5 Things To Do
Music and theatre and comedy, oh my! It’s another packed week of events here in Pinellas, but we’ve once again picked the five that you absolutely have to do.
Clearwater Jazz Holiday–Coachman Park, 301 Drew Street, Clearwater–October 13-16
Though focused on jazz, this four-day festival stretches out to include soul, funk and even country, from classic stalwarts like Kool and the Gang to electric upstarts like Trombone Shorty. Other major highlights include New Orleans’ Preservation Hall Jazz Band Friday Night, and the Bon Iver-evoking Houndmouth on Sunday. Like any good festival, there’ll be plenty of food, fireworks – and even satellite events, with after-parties at local studios and restaurants.
Tickets and Packages from $16-70.
Amy Schumer–Amalie Arena, Sunday–October 16 at 7:30 p.m.
Despite critics from left, right, and center (or maybe thanks to them), Amy Schumer is now officially the Biggest Female Comedian Of All Time. She recently come in near the top of Forbes list of America’s highest paid comedians. She’s also, if you haven’t heard, notoriously sexually frank, and skewers the worst habits of men and women alike. (You’ll have to cross the bridge for this one, but it’s being produced by Ruth Eckerd Hall, so it’s still technically a Pinellas event!)
Tickets $39-109 at Ticketmaster
Staged Reading: A Bicycle Country, by Nilo Cruz–Museum of Fine Art. St. Petersburg–October 18 at 7 p.m.
In 2003, Nilo Cruz became the first Latino to win the Pullitzer Prize for Drama, for his play Anna in the Tropics, which was written in Coral Gables. Cuban-born and Miami-raised, Cruz’s works have been produced by companies from New York to Oregon. A Bicycle Country tells the story of three Cuban exiles, their trip to their new home and the quest to fulfill their dreams. This production is presented by A Simple Theatre, and kicks off a season of staged readings by the group.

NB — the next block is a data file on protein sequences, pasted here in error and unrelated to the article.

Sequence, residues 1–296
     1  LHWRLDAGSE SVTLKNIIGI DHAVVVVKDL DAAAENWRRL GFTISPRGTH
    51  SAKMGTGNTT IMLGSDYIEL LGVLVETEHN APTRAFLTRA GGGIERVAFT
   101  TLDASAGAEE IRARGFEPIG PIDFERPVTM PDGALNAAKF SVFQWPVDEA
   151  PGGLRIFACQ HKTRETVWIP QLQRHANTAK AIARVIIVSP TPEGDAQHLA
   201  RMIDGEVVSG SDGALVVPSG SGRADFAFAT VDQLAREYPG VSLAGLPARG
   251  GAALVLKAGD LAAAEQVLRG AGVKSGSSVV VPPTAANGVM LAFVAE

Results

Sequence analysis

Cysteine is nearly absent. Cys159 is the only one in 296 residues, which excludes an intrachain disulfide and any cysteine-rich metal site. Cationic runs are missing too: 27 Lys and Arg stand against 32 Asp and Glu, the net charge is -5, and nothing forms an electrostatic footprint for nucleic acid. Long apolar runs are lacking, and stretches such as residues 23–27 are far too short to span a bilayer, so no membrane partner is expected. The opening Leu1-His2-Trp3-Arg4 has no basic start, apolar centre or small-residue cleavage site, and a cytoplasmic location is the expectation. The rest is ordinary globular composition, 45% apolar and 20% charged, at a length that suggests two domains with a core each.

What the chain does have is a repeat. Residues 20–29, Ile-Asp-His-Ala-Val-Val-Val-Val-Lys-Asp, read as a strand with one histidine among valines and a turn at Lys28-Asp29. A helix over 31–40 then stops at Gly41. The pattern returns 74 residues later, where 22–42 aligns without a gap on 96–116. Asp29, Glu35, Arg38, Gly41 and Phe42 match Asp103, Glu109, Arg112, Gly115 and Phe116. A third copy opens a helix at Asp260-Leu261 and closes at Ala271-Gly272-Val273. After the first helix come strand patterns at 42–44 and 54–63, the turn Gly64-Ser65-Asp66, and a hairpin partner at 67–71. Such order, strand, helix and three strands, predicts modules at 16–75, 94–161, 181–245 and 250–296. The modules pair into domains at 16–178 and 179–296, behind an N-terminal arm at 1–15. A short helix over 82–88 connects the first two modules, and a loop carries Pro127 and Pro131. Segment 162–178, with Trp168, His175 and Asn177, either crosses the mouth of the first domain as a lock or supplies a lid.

Tickets are $20, and include admission to the MFA.
The Psychedelic Furs–The Palladium, St. Petersburg–October 20, 8 p.m.
One of the godfathers of what became alternative rock, the Psychedelic Furs were founded in London in 1977, and are probably still best known for the title song to John Hughes’ Pretty in Pink. They survived the transition from punk to New Wave in style, and scored a half-dozen hits in the U.S. and England. If you’re a fan of Oasis, the Stone Roses, or more recently, the Arctic Monkeys, this one’s got your name all over it.
PS – Check out our interview with the Furs if you want to learn more about the band!
Yaguchi Shinobu’s Wood Job–Eckerd College International Cinema Series, Miller Auditorium–October 21, 7 p.m.
Japanese cinema has had a rough time of it internationally for the past few decades, living in the shadow of Kurosawa as filmmakers from Korea and China garnered accolades. But beneath the headlines, a nation once known for epic drama has developed an increasingly robust sense of humor, particularly about its own economic struggles. Wood Job is a goofy but thoughtful take on struggles of a young man who whiffs the most important step on the path to a professional life–his college entrance exam–and winds up chopping down trees in the countryside. It showcases (and mines for laughs) an urban-rural divide that’s even more stark in Japan than in the U.S., while tackling issues of underemployment and education that are increasingly relevant worldwide.
Free. Find more info here.